There is no single practice for Humanistic Pagans. The religious practices of some Humanistic Pagans may be outwardly indistinguishable from other Pagans, including prayers and offerings to “gods” and working “magic”, while other Humanistic Pagans may not use theistic symbolism in ritual. Humanistic Pagans often can easily practice alongside other kinds of Pagans. Many observe some form of the Neopagan Wheel of the Year. Jon Cleland Host brings science and Paganism together in his unique family celebrations. Some Humanistic Pagans turn seemingly mundane activities – like making stock, crafting or composting – into religious practices. Other Naturalistic Pagans join Pagan organizations, like the druid fellowship ADF (Ár nDraíocht Féin) or the Order of Bards, Ovates, and Druids (OBOD), which include naturalistic and non-naturalistic Pagans. Or they create their own traditions, like Rua Lupa’s Ehoah, WhiteHorse’s Druidic Order of Naturalists, and Mark Green’s Atheopaganism (also a Facebook group). Humanistic Pagans also seek to learn about the natural world through scientific inquiry and direct experience. They also meditate and read mythology for inspiration and insight. And they work to improve both themselves and society through responsible action.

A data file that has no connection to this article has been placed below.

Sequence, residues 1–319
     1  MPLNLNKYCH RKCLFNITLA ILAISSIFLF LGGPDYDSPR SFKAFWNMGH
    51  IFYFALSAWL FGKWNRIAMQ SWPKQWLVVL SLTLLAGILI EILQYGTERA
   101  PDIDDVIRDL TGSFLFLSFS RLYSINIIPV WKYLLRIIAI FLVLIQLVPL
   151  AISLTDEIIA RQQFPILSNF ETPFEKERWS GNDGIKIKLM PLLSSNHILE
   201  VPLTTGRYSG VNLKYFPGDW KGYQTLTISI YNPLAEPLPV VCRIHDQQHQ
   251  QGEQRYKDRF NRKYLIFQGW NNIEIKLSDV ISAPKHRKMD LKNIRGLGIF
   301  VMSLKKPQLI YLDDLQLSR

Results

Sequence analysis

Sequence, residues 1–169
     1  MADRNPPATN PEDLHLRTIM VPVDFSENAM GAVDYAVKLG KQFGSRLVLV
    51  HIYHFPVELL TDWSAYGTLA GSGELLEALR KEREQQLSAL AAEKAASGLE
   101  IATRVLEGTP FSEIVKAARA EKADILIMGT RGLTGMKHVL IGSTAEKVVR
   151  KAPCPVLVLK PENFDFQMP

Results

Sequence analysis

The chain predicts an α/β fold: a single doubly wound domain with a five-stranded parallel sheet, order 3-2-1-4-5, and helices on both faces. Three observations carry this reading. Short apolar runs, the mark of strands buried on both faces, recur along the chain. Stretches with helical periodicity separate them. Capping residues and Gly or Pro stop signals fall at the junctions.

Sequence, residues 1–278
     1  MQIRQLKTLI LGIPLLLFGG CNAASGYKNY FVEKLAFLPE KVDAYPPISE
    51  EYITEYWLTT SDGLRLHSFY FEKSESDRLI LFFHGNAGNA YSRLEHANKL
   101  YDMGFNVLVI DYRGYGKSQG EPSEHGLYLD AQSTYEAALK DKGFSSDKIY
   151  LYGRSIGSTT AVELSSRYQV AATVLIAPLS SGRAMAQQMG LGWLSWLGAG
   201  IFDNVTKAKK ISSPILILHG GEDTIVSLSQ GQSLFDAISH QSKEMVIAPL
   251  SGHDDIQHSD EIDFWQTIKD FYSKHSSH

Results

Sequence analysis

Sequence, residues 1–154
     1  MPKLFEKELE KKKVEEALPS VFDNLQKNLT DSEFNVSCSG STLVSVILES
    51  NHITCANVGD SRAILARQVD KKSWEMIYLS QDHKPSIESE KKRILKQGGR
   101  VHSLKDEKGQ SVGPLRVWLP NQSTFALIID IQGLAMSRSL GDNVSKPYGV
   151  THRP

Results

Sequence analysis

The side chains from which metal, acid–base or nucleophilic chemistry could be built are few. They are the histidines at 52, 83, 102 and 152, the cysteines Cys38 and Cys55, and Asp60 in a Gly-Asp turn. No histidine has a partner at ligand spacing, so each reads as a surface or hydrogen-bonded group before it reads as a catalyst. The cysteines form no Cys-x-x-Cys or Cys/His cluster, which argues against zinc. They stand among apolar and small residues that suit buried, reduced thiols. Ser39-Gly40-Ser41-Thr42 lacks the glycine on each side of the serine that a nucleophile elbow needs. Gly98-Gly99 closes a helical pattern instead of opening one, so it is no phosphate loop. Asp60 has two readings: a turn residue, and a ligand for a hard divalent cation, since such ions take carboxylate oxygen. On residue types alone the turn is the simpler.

Ritual, too, is an essential part of many Humanistic Pagans’ religious practice. Through ritual, Humanistic Pagans seek to express their sense of wonder and reverence at the universe and to connect on a deeper level with that process of life. The ritual enactment of myth helps to transform our understanding of the natural world into a religious experience. Some Humanistic Pagans may invoke deities, spirits, or ancestors as part of their rituals, but these are usually understood in poetic, allegorical, or psychological terms. This is not the same thing as play-acting, though. Ritual is known to have many psychological and social benefits, which are not affected by the absence of belief in supernatural beings, including:
- facilitation of group cohesion and cooperation
- management of anxiety
- fostering of individuation and personal transformation
- cultivation of a sense of meaningfulness
- a felt sense of connection to something greater than ourselves
Ritual enables us to cultivate certain subjective states of mind which are personally healing and socially and environmentally integrative. This is especially important in our time of widespread spiritual alienation and ecological desecration. Ritual can also give rise to experiences which help motivate socially and environmentally responsible behavior.